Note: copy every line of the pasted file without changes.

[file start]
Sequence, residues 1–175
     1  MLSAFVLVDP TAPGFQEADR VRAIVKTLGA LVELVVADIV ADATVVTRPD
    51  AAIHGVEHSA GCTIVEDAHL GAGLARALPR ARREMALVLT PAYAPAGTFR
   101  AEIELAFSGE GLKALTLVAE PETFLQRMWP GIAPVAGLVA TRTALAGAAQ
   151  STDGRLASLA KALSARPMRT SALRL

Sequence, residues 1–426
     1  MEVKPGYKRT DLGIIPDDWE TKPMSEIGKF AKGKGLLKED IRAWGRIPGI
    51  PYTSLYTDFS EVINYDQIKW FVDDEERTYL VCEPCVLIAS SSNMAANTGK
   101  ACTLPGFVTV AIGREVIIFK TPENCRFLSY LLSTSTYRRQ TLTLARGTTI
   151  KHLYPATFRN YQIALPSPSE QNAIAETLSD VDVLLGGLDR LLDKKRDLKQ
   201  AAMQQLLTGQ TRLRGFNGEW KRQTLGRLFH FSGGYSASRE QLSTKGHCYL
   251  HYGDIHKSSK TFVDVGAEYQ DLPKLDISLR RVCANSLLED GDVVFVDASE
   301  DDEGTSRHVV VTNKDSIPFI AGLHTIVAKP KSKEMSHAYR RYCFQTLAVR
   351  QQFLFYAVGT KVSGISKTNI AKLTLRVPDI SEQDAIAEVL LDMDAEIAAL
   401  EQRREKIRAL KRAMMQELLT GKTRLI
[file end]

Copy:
Sequence, residues 1–175
     1  MLSAFVLVDP TAPGFQEADR VRAIVKTLGA LVELVVADIV ADATVVTRPD
    51  AAIHGVEHSA GCTIVEDAHL GAGLARALPR ARREMALVLT PAYAPAGTFR
   101  AEIELAFSGE GLKALTLVAE PETFLQRMWP GIAPVAGLVA TRTALAGAAQ
   151  STDGRLASLA KALSARPMRT SALRL

Sequence, residues 1–426
     1  MEVKPGYKRT DLGIIPDDWE TKPMSEIGKF AKGKGLLKED IRAWGRIPGI
    51  PYTSLYTDFS EVINYDQIKW FVDDEERTYL VCEPCVLIAS SSNMAANTGK
   101  ACTLPGFVTV AIGREVIIFK TPENCRFLSY LLSTSTYRRQ TLTLARGTTI
   151  KHLYPATFRN YQIALPSPSE QNAIAETLSD VDVLLGGLDR LLDKKRDLKQ
   201  AAMQQLLTGQ TRLRGFNGEW KRQTLGRLFH FSGGYSASRE QLSTKGHCYL
   251  HYGDIHKSSK TFVDVGAEYQ DLPKLDISLR RVCANSLLED GDVVFVDASE
   301  DDEGTSRHVV VTNKDSIPFI AGLHTIVAKP KSKEMSHAYR RYCFQTLAVR
   351  QQFLFYAVGT KVSGISKTNI AKLTLRVPDI SEQDAIAEVL LDMDAEIAAL
   401  EQRREKIRAL KRAMMQELLT GKTRLI